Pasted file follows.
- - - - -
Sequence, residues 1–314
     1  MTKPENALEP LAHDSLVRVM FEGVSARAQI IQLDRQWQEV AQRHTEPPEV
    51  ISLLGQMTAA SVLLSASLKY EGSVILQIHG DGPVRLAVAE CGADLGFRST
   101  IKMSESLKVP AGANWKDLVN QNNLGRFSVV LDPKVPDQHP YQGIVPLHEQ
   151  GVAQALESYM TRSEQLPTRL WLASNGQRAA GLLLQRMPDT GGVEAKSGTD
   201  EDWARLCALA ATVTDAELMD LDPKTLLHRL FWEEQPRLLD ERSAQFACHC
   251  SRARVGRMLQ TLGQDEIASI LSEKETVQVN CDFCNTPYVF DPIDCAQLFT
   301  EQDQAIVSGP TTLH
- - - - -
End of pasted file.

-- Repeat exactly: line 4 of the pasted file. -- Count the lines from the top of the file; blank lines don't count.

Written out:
   101  IKMSESLKVP AGANWKDLVN QNNLGRFSVV LDPKVPDQHP YQGIVPLHEQ